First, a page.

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The 4-Hour Work Week: Escape the 9-5, Live Anywhere and Join the New Rich [Anglais] [Broché]

Timothy Ferriss
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Description de l'ouvrage

3 avril 2008

Tim Ferriss has trouble defining what he does for a living. Depending on when you ask this controversial Princeton University guest lecturer, he might answer:

'I race motorcycles in Europe'

'I ski in the Andes'

'I scuba dive in Panama'

'I dance tango in Buenos Aires'

He has spent more than five years learning the secrets of the 'New Rich', a fast-growing subculture that has abandoned the 'deferred-life plan' and instead mastered the new currencies - time and mobility - to create a new way of living. Why wait a lifetime for your retirement when you can enjoy luxury now?

Whether your dream is escaping the rat race, experiencing first class world travel, earning a monthly five-figure income with no management, or just living more and working less, this book is the blueprint. Join Tim Ferriss as he teaches you:

- How to outsource your life to overseas virtual assistants for $5 per hour and do whatever you want

- How blue chip escape artists travel the world without quitting their jobs

- How to eliminate 50% of your work in 48 hours using the principles of a forgotten Italian economist

- How exchange your career for life for short work bursts and frequent 'mini-retirements'

- How to train your boss to value performance over presence, or kill your job (or company) if it's beyond repair

- How to cultivate selective ignorance - and create time - with a low-information diet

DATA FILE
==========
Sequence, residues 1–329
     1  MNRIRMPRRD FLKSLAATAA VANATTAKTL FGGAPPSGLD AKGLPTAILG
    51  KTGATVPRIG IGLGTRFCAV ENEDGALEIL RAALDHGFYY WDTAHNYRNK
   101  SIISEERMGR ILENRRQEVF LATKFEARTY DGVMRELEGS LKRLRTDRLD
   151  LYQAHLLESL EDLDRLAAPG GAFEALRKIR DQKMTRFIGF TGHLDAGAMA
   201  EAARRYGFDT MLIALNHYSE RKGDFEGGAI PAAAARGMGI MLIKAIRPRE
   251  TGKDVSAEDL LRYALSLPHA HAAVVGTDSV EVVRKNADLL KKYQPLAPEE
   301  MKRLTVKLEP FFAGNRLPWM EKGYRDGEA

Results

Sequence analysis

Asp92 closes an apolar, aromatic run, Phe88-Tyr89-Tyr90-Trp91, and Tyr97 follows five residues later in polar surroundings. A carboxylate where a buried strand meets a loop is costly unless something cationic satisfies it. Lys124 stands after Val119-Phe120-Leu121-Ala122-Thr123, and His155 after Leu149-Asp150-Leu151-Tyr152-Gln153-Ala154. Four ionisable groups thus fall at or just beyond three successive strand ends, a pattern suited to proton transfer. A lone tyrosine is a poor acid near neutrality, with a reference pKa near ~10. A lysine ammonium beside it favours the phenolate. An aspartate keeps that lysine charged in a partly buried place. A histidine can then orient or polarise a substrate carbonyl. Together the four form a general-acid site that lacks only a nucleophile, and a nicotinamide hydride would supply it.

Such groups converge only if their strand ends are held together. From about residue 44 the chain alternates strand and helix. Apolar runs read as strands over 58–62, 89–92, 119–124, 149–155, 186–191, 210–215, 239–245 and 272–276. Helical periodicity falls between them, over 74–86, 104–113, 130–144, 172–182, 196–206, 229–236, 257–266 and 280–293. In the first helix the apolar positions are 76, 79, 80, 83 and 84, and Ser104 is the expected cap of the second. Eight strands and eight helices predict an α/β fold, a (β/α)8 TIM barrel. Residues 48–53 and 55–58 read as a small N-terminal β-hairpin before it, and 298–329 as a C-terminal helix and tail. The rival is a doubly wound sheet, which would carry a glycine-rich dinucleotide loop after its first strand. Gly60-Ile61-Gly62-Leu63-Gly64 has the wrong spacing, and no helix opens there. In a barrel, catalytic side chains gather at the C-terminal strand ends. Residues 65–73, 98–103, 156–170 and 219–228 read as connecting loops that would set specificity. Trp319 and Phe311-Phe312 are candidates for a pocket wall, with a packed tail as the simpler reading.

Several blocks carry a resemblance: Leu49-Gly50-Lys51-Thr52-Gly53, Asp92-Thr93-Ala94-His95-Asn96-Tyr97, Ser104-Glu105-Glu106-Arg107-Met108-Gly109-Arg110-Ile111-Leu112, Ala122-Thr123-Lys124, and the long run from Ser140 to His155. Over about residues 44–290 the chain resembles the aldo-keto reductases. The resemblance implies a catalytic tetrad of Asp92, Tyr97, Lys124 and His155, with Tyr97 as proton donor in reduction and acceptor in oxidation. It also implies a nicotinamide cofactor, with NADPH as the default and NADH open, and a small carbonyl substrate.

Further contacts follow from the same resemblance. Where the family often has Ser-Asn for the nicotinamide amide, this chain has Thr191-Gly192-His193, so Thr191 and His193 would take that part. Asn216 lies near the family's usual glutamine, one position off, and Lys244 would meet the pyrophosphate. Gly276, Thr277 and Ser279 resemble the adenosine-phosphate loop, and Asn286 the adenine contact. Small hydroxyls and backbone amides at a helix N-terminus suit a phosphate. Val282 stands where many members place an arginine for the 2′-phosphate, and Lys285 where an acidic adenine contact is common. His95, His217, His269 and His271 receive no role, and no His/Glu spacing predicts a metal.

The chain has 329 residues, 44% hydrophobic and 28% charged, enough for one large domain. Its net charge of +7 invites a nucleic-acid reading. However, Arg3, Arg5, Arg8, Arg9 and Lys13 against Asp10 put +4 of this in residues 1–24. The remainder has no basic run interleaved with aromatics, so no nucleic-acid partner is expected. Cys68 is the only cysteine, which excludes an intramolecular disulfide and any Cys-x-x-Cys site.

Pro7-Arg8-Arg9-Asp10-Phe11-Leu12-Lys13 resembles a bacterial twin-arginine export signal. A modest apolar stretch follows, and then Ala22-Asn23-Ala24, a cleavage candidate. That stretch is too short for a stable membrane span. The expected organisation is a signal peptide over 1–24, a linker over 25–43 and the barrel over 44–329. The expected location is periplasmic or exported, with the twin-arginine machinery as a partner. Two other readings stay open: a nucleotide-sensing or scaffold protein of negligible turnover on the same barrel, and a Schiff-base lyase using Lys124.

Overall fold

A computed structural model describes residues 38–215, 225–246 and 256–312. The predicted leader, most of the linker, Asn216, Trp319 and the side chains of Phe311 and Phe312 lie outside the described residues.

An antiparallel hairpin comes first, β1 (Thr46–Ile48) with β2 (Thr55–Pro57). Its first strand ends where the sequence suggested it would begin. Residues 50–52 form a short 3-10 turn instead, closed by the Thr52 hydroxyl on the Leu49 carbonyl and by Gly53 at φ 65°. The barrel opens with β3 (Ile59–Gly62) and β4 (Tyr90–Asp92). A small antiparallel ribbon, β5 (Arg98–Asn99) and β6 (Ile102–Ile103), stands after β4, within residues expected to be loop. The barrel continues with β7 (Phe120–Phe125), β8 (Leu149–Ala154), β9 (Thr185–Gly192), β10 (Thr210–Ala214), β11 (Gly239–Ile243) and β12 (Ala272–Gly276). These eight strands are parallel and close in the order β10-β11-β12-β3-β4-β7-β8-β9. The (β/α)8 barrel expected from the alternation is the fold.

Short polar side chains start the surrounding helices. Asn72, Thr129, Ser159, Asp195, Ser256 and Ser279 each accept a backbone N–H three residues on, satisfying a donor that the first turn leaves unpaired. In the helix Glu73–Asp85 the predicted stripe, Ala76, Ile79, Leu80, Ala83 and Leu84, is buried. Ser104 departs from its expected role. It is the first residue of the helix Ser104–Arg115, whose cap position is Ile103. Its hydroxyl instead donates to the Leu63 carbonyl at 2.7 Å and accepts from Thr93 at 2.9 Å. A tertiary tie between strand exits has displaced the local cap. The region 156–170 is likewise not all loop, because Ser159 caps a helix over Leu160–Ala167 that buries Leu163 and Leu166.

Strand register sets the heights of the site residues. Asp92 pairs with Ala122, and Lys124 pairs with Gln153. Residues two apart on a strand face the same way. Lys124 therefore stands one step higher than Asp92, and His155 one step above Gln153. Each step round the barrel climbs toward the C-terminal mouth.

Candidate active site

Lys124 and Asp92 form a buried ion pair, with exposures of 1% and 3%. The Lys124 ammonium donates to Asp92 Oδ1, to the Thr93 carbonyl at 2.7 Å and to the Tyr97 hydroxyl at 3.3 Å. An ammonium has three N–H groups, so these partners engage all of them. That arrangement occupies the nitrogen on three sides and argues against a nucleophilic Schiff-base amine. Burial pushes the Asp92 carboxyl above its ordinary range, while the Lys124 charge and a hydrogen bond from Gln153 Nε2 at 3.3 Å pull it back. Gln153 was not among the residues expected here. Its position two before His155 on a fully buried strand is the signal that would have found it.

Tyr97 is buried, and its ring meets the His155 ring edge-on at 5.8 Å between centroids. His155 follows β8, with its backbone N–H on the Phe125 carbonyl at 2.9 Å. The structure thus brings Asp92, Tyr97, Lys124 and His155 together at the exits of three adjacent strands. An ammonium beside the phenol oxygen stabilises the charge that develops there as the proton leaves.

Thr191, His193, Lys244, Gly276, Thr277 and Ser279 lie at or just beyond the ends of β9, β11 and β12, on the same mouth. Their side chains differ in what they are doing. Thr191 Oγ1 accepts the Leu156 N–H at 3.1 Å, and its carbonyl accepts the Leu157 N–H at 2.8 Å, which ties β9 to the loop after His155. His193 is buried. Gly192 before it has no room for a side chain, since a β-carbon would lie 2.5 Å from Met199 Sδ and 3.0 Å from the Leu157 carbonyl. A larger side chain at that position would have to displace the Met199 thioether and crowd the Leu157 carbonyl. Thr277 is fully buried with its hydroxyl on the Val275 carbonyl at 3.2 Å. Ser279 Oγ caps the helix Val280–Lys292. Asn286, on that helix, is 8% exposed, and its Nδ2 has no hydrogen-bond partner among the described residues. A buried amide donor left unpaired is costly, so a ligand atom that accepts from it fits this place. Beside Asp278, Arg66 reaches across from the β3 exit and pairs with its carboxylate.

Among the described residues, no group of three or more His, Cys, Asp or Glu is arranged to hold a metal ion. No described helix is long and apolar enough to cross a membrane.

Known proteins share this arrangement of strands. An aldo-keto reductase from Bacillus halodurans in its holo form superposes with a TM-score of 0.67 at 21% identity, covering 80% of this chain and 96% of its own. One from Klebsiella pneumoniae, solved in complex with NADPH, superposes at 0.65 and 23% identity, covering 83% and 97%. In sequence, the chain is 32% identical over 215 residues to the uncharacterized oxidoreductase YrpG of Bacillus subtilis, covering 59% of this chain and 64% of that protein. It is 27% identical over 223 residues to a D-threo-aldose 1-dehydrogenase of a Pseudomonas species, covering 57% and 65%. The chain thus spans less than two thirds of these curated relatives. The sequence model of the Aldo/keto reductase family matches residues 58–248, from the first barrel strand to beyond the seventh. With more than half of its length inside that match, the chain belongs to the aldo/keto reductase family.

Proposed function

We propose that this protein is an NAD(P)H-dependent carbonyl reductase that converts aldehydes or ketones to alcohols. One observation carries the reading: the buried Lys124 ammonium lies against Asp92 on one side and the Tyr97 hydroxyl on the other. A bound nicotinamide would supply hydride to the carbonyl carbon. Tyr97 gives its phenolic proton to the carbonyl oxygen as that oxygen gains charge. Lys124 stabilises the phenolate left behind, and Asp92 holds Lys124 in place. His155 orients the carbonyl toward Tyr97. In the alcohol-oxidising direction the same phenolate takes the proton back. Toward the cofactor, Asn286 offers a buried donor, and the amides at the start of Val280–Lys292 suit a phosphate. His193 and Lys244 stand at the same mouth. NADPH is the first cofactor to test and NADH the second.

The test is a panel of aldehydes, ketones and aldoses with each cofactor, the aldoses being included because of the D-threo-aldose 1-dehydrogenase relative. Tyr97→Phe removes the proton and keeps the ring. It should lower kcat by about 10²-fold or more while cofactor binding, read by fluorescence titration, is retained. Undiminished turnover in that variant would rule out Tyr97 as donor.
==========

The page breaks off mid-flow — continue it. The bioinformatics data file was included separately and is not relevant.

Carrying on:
- How to get free housing worldwide and airfare at 50-80% off

- How to fill the void and create a meaningful life after removing work and the office

Learn about this and more to live the life you want - now.


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Descriptions du produit

Extrait

Cautions and Comparisons

How to Burn $1,000,000 a night

These individuals have riches just as we say that we “have a fever,” when really the fever has us.

—seneca (4 b.c.–a.d. 65)

I also have in mind that seemingly wealthy, but most terribly impoverished class of all, who have accumulated dross, but know not how to use it, or get rid of it, and thus have forged their own golden or silver fetters.

—henry david thoreau (1817–1862)

1:00 a.m. cst, 30,000 feet over las vegas

His friends, drunk to the point of speaking in tongues, were asleep. It was just the two of us now in first-class. He extended his hand to introduce himself, and an enormous—Looney Tunes enormous—diamond ring appeared from the ether as his fingers crossed under my reading light.

Mark was a legitimate magnate. He had, at different times, run practically all the gas stations, convenience stores, and gambling in South Carolina. He confessed with a half smile that, in an average trip to Sin City, he and his fellow weekend warriors might lose an average of $500,000 to $1,000,000—each. Nice.

He sat up in his seat as the conversation drifted to my travels, but I was more interested in his astounding record of printing money.